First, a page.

When group formation brings people together, new modes of collaboration are requested. The P2People approach for exploring these issues is based on the concept of the "common interest group". A common interest group is a virtual community of users who share common interests, knowledge areas, business etc. Potential users of P2People may vary from Universities and science groups, professionals, non-profit organisations, file sharing enthusiasts, fans groups, corporations, etc. In order to enable collaboration of users that have previously established their relationships, the following collaboration channels are available: instant messaging, user presence/status discovery, e-mail, audio- and videoconferencing, file transfer, file sharing, screen sharing with remote control and the ability to establish micro-payment sessions (e-payment layer).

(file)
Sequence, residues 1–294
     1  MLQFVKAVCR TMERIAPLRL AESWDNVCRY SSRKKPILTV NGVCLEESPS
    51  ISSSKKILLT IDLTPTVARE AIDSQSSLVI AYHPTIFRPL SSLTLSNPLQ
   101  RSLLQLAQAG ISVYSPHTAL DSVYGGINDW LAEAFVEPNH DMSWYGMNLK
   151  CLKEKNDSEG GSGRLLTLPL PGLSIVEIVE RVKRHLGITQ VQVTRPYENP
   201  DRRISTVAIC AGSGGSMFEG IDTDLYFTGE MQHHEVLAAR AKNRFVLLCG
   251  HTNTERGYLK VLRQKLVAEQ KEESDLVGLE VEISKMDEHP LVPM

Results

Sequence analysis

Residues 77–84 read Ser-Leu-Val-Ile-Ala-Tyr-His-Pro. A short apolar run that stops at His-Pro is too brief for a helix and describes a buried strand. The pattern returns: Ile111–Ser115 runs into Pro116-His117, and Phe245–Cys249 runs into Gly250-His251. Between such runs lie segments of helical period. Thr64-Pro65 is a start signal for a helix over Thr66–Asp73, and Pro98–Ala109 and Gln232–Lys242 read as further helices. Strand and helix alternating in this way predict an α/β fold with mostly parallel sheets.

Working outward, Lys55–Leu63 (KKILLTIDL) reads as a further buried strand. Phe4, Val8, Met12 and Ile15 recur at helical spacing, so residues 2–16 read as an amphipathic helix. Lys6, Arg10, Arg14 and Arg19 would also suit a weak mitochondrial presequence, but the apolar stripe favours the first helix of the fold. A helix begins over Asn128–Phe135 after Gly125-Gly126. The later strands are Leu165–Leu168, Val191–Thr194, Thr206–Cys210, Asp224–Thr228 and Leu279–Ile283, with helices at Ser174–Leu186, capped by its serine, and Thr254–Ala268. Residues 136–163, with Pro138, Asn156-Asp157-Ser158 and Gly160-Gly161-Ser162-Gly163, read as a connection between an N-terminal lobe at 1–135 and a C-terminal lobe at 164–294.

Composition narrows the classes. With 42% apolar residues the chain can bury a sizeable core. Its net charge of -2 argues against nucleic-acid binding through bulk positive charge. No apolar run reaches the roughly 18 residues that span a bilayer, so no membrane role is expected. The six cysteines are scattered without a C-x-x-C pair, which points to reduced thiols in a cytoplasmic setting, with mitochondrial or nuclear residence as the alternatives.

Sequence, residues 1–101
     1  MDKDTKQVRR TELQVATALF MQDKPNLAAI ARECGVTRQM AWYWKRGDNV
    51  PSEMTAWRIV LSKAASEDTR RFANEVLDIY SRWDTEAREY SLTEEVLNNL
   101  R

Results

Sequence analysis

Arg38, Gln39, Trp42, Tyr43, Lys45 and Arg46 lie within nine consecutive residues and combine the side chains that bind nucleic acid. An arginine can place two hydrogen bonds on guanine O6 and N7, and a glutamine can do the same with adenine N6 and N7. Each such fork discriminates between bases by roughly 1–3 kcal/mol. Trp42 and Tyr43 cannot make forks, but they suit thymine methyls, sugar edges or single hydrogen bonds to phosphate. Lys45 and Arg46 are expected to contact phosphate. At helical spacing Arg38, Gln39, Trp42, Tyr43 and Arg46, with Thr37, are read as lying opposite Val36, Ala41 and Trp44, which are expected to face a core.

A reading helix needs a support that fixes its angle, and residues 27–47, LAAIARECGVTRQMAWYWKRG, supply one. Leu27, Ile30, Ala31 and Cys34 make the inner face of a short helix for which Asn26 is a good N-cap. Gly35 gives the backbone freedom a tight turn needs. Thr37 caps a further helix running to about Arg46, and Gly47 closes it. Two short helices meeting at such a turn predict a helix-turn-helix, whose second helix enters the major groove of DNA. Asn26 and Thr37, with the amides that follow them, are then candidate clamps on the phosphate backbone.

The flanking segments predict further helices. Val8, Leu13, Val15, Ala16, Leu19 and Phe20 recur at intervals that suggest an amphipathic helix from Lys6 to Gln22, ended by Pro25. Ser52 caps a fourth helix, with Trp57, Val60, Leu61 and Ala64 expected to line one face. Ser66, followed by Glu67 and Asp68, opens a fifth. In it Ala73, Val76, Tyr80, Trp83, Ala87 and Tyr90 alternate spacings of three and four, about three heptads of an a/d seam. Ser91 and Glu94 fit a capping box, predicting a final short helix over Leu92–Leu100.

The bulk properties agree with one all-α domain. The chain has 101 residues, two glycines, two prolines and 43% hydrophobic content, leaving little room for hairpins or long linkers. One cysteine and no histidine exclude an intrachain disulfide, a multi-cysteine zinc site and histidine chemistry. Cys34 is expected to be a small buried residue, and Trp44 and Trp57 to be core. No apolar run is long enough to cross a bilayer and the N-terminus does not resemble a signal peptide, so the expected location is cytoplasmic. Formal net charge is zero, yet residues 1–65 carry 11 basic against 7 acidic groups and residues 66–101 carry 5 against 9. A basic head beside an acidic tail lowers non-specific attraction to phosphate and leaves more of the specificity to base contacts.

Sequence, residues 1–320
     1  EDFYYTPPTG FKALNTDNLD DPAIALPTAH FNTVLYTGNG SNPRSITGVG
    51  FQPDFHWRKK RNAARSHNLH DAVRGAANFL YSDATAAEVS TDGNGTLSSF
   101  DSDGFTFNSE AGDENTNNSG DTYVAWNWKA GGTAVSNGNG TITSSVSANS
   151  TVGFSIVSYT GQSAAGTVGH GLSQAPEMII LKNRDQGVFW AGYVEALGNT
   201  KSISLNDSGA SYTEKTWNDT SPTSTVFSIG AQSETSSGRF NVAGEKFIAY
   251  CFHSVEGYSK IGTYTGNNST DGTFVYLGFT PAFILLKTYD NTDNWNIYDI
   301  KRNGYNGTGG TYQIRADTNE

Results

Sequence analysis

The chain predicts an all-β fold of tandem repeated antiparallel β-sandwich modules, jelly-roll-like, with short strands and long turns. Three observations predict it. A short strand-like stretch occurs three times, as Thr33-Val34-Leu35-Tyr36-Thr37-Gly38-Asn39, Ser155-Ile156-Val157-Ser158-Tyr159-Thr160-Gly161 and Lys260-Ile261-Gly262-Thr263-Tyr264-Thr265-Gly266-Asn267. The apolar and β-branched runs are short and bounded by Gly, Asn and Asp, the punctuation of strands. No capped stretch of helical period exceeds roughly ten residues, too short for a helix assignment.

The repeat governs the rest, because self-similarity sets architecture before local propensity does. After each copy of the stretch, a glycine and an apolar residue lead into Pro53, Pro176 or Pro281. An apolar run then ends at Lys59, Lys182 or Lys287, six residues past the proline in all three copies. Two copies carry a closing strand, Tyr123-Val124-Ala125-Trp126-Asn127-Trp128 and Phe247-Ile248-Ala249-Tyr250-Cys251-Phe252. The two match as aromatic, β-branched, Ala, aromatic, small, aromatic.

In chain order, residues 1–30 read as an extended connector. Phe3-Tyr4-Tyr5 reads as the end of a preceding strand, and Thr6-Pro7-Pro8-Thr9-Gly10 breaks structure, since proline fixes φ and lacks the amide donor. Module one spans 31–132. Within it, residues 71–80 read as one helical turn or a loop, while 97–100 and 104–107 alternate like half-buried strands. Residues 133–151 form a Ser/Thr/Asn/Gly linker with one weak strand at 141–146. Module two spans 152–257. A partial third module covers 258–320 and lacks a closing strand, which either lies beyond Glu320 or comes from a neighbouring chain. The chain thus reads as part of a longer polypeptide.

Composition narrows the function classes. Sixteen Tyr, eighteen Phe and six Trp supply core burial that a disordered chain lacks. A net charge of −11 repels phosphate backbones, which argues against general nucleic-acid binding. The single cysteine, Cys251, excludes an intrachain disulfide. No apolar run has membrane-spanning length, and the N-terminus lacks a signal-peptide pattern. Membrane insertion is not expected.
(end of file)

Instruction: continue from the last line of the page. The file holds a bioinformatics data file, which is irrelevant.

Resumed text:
The University of Ljubljana is the biggest higher education institution in Slovenia. It consists of 20 faculties and 2 academies that currently offer courses to over 50,000 students in all major research fields. The team from UoL that contributes efforts to the P2People project comes from the laboratory for digital signal processing (department of telecommunications) of the faculty of electrical engineering. Although the theoretical background of the team is in signal processing theory, its researchers have gained considerable experience in networking, multimedia systems and service architectures, interactive TV systems and software development through participation in international research projects during the last decade.

The UoL team is responsible for developing all the collaborative services necessary for user collaboration with the exception of the e-payment layer. The team is taking existing functionality that is known from the client-server world, redesigning it and redeveloping it using the JXTA protocol stack. Although the collaborative services provided by P2People offer familiar user experience, this is not true for the underlying service architecture, since several architectural and implementation aspects need to be rethought when porting existing functionality into the distributed peer-to-peer world where centralised servers do not exist.